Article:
How Many Planes Crash A Year? Statistical Overview, Root Causes, Industry Analysis, Personal Stories, Investigation Results, Public Perception, and a Traveler’s Guide


Plane crashes are a tragedy that can impact countless individuals, their families, and communities. Knowing the details and scope of the issue can help us understand the risks and devise strategies to minimize them. This article aims to provide you with an informative and friendly overview of the statistics, root causes, industry analysis, personal stories, investigation results, public perception, and a traveler’s guide to minimize risks and avoid potential plane crashes.

Statistical Overview

According to data from the Aviation Safety Network, there were 40 accidents involving large commercial planes in 2020, resulting in 299 fatalities. This represents an increase from the previous year when there were 86 accidents reported, with 257 fatalities.

The numbers vary based on geographical location, with the majority of accidents occurring in Africa, followed by the Asia-Pacific region, South America, North America, and Europe, respectively.

Airbus, Boeing, and McDonnell Douglas were the three most frequently involved manufacturers in accidents, with technical problems being the leading cause of the accidents, closely followed by pilot error and other human-related factors. The types of accidents range from collision with terrain to fire, loss of control, and other miscellaneous types, leaving no single category as the leading cause of accidents.

Root Causes

Pilot error is often a primary factor in potential plane crashes. Inadequate training and fatigue can lead to poor decision-making skills and impair judgment. Equipment malfunction and weather hazards such as storms, turbulence, and visibility challenges can also affect the safety of aircraft.

Recent examples of notable crashes due to diverse causes include the Ethiopian Airlines Flight 302, which crashed after takeoff due to a malfunction with the plane’s automated system, the Germanwings Flight 9525, which crashed en route due to pilot suicide, and the MH370 Malaysian Airlines flight, which crashed due to an unknown cause, leading to speculation of sabotage or terrorism.

Industry Analysis

The aviation industry has undergone significant advancements in technology that enhance safety, including collision avoidance systems, advanced sensors, and various radar systems. Governments worldwide have also implemented regulations to bolster aviation safety, including strict protocols around training, maintenance, inspections, and weather analysis.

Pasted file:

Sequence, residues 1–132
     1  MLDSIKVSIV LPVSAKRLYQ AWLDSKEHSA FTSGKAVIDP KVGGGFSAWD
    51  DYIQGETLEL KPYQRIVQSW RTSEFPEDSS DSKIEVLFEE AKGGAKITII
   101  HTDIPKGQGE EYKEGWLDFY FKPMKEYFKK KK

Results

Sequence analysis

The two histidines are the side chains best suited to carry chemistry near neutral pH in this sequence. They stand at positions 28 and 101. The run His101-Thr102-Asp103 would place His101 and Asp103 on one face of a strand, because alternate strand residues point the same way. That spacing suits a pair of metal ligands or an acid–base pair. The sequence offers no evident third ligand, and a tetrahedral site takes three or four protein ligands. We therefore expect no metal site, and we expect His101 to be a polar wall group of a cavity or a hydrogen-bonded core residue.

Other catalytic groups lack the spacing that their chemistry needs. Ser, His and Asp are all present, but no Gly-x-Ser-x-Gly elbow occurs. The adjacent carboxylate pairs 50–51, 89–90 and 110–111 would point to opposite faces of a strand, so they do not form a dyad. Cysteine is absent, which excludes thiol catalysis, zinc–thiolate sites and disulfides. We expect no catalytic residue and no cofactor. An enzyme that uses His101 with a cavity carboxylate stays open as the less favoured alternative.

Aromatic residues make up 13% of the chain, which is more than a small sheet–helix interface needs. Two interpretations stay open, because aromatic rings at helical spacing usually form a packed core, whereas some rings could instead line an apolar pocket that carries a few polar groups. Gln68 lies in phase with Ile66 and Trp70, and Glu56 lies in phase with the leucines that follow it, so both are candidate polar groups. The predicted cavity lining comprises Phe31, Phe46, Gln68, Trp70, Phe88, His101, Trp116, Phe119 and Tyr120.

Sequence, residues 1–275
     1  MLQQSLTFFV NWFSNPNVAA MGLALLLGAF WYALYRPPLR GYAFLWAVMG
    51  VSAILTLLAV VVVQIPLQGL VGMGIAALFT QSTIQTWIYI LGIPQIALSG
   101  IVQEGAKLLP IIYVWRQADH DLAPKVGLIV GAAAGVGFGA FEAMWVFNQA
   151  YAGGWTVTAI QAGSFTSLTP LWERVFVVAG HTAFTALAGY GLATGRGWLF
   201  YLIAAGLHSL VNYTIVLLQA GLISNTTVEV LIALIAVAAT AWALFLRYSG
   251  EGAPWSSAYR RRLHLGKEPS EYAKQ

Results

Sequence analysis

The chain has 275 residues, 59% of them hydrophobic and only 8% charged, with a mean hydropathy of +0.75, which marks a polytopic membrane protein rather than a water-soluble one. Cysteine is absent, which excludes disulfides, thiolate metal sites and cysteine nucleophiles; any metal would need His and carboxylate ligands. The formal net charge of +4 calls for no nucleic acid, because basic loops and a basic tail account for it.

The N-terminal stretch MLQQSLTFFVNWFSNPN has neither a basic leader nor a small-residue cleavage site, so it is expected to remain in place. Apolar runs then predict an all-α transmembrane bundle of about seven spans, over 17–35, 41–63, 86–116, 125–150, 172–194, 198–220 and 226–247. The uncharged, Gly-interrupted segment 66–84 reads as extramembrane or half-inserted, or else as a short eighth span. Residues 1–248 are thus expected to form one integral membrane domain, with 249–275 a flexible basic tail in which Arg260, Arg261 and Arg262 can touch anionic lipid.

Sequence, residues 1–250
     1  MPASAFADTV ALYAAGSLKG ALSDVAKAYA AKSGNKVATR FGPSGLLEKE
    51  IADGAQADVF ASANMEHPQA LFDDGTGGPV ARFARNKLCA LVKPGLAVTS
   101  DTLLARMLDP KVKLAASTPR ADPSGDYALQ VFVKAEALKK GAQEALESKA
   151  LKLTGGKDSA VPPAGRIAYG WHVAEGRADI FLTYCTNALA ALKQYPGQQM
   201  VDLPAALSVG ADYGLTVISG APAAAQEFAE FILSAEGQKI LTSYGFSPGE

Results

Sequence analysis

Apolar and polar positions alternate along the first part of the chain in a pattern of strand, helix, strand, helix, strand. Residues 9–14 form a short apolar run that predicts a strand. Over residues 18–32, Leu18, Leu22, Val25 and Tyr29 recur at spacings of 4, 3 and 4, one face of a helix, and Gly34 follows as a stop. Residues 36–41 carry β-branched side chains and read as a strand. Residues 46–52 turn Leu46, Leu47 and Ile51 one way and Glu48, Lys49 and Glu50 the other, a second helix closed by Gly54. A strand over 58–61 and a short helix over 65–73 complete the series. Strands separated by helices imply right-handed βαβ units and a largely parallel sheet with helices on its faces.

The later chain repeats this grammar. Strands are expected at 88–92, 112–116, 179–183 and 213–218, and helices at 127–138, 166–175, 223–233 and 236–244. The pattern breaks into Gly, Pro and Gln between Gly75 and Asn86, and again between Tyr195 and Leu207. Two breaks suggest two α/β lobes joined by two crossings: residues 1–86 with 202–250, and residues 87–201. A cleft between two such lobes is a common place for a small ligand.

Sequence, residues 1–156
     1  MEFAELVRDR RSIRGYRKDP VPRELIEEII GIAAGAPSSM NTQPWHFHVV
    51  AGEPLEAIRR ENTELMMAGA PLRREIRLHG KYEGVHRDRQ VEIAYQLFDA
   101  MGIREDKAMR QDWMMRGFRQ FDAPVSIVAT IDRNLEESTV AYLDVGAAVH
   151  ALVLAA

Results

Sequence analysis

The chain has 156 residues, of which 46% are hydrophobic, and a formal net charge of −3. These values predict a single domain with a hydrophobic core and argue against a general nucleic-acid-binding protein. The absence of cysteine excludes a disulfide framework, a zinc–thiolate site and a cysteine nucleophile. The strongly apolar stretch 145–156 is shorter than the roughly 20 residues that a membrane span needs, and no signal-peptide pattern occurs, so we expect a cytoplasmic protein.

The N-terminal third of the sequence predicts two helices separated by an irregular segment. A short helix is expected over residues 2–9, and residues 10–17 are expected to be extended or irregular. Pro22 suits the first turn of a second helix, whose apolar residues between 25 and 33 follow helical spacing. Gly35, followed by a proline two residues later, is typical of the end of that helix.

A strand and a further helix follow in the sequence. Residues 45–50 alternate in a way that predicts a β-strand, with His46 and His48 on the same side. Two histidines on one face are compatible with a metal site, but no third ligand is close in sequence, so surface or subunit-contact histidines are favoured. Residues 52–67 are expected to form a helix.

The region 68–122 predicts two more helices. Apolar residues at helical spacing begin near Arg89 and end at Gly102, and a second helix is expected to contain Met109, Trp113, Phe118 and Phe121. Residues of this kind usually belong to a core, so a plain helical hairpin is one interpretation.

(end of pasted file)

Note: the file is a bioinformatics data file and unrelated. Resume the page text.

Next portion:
Despite these advancements and regulations, airline safety still needs improvement in certain areas, such as addressing the issue of pilot fatigue and enhancing communication between the crew and Air Traffic Control (ATC).

Personal Stories

The impact of plane crashes can be truly devastating, and individuals who survive these incidents or lose loved ones often have unique perspectives on the dangers and risks associated with air travel. Stories from survivors and family members of the deceased can help shed light on the human impact of these tragedies.

For example, Cecelia Cichan, the lone survivor of the Northwest Flight 255, which crashed in Michigan in 1987, shared in an interview her experience leading up to the flight, the crash itself, and the harrowing aftermath that shaped the rest of her life.

Investigation Results

Since the beginning of aviation, investigations have led to improvements in safety. Recent investigations into plane crashes have highlighted potential safety concerns and led to changes in safety protocols, enhanced training procedures, and better technology. For example, following the tragic crash of Malaysia Airlines Flight 17, countries worldwide agreed to establish stricter rules around the operation of civilian aircraft in areas of conflict, enhancing safety for all passengers.

Public Perception

Public perception of plane crashes and aviation safety can shape industry practices moving forward, so understanding how individuals perceive these events is crucial.

Despite a certain level of fear around flying, the majority of the public has a positive perception of the safety record of the airline industry in general. However, when aviation accidents make headlines, it can cause widespread panic and concern, impacting the industry’s reputation and leading to changes in procedures and regulations.

Traveler’s Guide

Travelers can take steps to minimize their risk by taking extra precautionary measures and understanding their rights and the industry statistics and best practices around aviation safety. This includes reviewing safety procedures on-board, selecting airlines with solid safety records, and identifying the risks associated with specific types of flights. In the unlikely event of a crash, passengers are generally advised to follow protocols such as keeping the seatbelt fastened, knowing where the nearest exits and emergency procedures are, and listening to onboard instruction from airline personnel.


Plane crashes are a devastating and complex issue that requires a multifaceted approach. By exploring statistics, root causes, industry analysis, personal stories, investigation results, public perception, and traveler’s guides, we can better understand the risks associated with air travel and how to minimize them. Education, preparation, and proactive government and industry initiatives can all play a role in promoting safety and ensuring that air travel remains a viable and safe means of transportation.

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